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Indoor setup dumb or smart trainer

  • 21-10-2022 11:24am
    Registered Users Posts: 182 ✭✭

    I recently retired from team sports and looking to keep my fitness up. I have three small kids at home and work alot of weekends so for the next few years getting time to be out on the road for hours will prove difficult. Mainly I just want to have a small compact setup at home to do some zone 2 training to top up my fitness. I have a budget of about €1000. I am torn between the following two options:

    1. Buy a decent entry level bike like and a dumb turbo trainer.
      1. Pros: Have a good bike that will be stand to me if I get to enjoy cycling and want to get out on the road in the future.
      2. Cons: Will need additional sensors to monitor stats & very noisy in a small house.
    2. Buy either a kick snap/core and a cheap second hand road bike in local cycle store.
      1. Pros:
        1. Built in stat monitoring with wahoo fitness app
        2. If I decide to use zwift rather than basic zone 2 training experience will be very good.
      2. Cons
        1. End up not using smart features and waste of money
        2. Cheaper bike may not be the same experience on kickr core. Second hand bike I'm looking at is 8 speed may have issues.

    From reading online generally if people buy the direct drive core they are never disappointed. However would the snap be enough for me is there that much of a difference?


  • Registered Users Posts: 1,686 ✭✭✭Whyner - these are the biz. I'd be all over it if I was in the market. Have the Neo1 for 4 years or so and zero issues

  • Registered Users Posts: 21,583 ✭✭✭✭Squidgy Black

    I'd go for the new Zwift Hub or the JetBlack Volt over the Kickr Snap personally, that'd leave you with 500 quid for a bike.

    You could pick up a nice older rim brake bike on adverts for that price with a decent groupset, would be better than the Giant too.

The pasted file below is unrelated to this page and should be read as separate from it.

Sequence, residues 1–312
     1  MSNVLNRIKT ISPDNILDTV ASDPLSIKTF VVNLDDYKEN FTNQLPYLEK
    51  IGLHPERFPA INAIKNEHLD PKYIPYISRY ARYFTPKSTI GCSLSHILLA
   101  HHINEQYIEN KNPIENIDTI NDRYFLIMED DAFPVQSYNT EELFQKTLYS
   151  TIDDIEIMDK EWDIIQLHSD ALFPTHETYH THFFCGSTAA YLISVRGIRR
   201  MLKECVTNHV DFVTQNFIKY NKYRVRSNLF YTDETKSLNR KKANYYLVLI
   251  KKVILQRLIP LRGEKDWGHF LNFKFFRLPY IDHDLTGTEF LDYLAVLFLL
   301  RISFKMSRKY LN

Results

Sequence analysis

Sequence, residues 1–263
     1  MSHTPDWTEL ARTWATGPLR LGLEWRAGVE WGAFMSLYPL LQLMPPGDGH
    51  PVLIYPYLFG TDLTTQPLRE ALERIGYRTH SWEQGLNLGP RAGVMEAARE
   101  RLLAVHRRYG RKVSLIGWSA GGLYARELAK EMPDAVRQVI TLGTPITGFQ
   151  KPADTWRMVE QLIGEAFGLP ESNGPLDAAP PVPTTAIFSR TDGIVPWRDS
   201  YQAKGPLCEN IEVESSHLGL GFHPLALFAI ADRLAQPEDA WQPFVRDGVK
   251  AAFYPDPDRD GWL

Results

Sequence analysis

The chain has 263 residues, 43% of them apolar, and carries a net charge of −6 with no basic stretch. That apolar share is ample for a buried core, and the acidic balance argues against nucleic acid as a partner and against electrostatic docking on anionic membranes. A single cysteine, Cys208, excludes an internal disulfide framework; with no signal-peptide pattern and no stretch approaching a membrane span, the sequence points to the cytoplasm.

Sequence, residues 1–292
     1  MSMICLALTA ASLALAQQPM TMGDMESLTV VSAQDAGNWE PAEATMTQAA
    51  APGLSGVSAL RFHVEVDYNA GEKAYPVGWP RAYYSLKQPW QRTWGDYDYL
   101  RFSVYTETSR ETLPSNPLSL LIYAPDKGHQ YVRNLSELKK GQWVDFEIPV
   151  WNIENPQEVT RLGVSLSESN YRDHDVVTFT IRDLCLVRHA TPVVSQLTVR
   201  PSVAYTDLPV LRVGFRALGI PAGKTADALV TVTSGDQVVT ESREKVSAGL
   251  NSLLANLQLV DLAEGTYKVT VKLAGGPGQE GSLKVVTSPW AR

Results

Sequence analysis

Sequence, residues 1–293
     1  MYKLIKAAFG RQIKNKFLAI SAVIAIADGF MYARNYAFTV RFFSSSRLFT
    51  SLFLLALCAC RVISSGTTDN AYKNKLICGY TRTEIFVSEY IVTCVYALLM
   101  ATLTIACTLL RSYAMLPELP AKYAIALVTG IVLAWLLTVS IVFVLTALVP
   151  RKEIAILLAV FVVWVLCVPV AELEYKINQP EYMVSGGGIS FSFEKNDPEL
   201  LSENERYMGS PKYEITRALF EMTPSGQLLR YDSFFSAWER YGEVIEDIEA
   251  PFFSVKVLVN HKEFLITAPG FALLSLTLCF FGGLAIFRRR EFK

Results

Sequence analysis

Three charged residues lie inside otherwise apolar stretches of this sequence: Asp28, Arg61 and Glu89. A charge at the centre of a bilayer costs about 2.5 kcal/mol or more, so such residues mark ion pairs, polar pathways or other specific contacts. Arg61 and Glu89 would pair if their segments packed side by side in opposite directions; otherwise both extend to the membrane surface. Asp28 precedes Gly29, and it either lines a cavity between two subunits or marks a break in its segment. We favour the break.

• Registered Users Posts: 9,099 ✭✭✭Macy0161

    This, if I was buying now.

    I don't know whether you can still get the Elite Turbo Muin, which was a quiet wheel off turbo as a third option. But if you want to use zwift or any of the "game" software you'd really want a smart turbo.

    Actually, there's a 4th option - I'm using an old 7 speed (getting on for 10 year old Halford Carrera Zelos) on my smart turbo, with extra spacers! If you are genuinely thinking only inside to start with.

    Whichever option, budget for fans/ cooling too (and have them in your noise level considerations).

  • Registered Users Posts: 1,507 ✭✭✭traco

    I set a 1k budget 6 months back and am just about ther now with the bike, some gear, service parts for the bike and the trainer.

    I picked up a second hand wahoo snap. Set it up the other night. Dowloaded the wahoo systm app on the laptop and started the free 14 day trial.

    It's all new to me but I was impressed and will complete the 14 day program. The Kickr snap is fairly quiet but I'm in the old playroom and have a nice 42" telly.

    Need to sort a better option for the mouse as the ironing board is a bit naff.

    Supposed to do an hour session today so that will tell a lot. If it's for me I'll get a wahoo HR and cadence sensor also.

    Herself was away all week for work so hasn't. Seen it yet. I may be wearing the ironing board by the end of the day??

  • Registered Users Posts: 1,825 ✭✭✭rolling boh

    Personally if you want to stick to your budget I would go for a decent bike which as you say could get use of and get a basic trainer .If you are just doing it for fitness do you really need all the extra stuff from a smart trainer if you use it you will keep fit and have your bike to get on you might find the time to get out more than you think .I agree basic trainers might be a little boring to use but I just stick on some music and pedal away .

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  • Registered Users Posts: 1,236 ✭✭✭saccades

    Another option, buy a bike, fit the gen 2 4iiii power meter (cheap as the gen 3 just landed), and a really cheap dumb turbo.

    Have power readings all the time when cycling and be able to move the meter from bike to bike.